Hector Noesi, Pitcher: The right-hander, who is a teammate of Bernadina, won 20 games with a 3.48 in 2017 after posting 15 wins the previous season. His 35-10 career record and 3.44 ERA in Korea is a far cry from his 12-31 mark and 5.30 ERA in parts of five major league seasons. Still just 31, it is a definite possibility that his work stateside is not yet done, but he will be back with the Tigers next season on a $2 million contract.

Nick Evans, Infielder/Outfielder: A classic “4-A player,” who hit .257 with 10 home runs in 177 games (2009-11; 2014) with two teams, he could never quite grab a starting job. Now 32, he has become a star for the Doosan Bears, for whom he hit .296 with 27 home runs and 90 RBIs that past year.

Michael Choice, Outfielder: A 2010 first-round draft choice, the 28-year-old right-handed hitter used to be one of the top prospects in baseball. However, his .188 batting average and nine home runs over three big league seasons; along with a propensity for striking out derailed his aspirations. He looked rejuvenated last year with the Nexen Heroes, swatting 17 home runs and 42 RBIs, while batting .307 in 46 games. He is under contract for $600,000 with them in 2018, but it would not be a surprise to see him return to the majors one day.

Xavier Scruggs, First Base/Outfielder: Similar to Choice, the right-handed slugger had plenty of power but not enough contact to stick in the majors. His .227 batting average and one home run in 50 games over three seasons did nothing to earn him a permanent job. However, he exploded on the scene for the NC Dinos this past year after signing a million dollar contract, hitting .300 with 35 home runs and 111 RBIs in 115 games.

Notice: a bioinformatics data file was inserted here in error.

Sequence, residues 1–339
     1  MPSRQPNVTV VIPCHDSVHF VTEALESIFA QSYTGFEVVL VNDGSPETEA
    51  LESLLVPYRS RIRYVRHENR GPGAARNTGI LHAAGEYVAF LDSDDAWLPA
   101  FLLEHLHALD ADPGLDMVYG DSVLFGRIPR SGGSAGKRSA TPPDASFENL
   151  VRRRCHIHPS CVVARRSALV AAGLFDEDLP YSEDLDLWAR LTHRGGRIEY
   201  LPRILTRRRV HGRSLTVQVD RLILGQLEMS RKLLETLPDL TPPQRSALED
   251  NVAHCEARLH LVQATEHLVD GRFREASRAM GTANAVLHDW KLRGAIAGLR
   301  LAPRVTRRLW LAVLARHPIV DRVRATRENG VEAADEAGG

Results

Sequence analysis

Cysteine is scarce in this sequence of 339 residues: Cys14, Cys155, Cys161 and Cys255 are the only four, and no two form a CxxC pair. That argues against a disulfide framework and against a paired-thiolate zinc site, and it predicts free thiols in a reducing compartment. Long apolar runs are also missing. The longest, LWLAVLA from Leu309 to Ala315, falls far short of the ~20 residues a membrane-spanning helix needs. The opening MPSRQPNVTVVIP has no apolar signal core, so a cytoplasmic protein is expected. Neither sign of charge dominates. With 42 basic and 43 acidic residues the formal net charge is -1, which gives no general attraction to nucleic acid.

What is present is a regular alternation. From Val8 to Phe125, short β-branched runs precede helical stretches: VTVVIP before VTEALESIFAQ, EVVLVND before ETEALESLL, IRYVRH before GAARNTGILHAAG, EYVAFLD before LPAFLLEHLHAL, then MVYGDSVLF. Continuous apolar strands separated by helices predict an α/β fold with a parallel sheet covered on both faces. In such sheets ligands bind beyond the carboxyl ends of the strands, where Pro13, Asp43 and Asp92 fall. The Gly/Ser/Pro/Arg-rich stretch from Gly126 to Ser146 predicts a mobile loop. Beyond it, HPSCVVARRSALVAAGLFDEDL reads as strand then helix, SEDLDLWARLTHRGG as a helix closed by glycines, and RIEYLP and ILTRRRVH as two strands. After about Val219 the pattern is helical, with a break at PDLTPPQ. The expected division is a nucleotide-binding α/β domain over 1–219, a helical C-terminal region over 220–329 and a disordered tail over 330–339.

Andy Burns, Third Baseman: Still just 27, the right-hander went hitless in seven plate appearances for the 2016 Toronto Blue Jays. With a regular big league job looking unlikely for 2017, he elected to take a $650,000, one-year deal with the Lotte Giants in 2017, which proved to be a shrewd decision. Appearing in 116 games, he hit .303 with 15 home runs and 57 RBIs; putting himself in a position to have potentially multiple options as he moves forward in his professional career.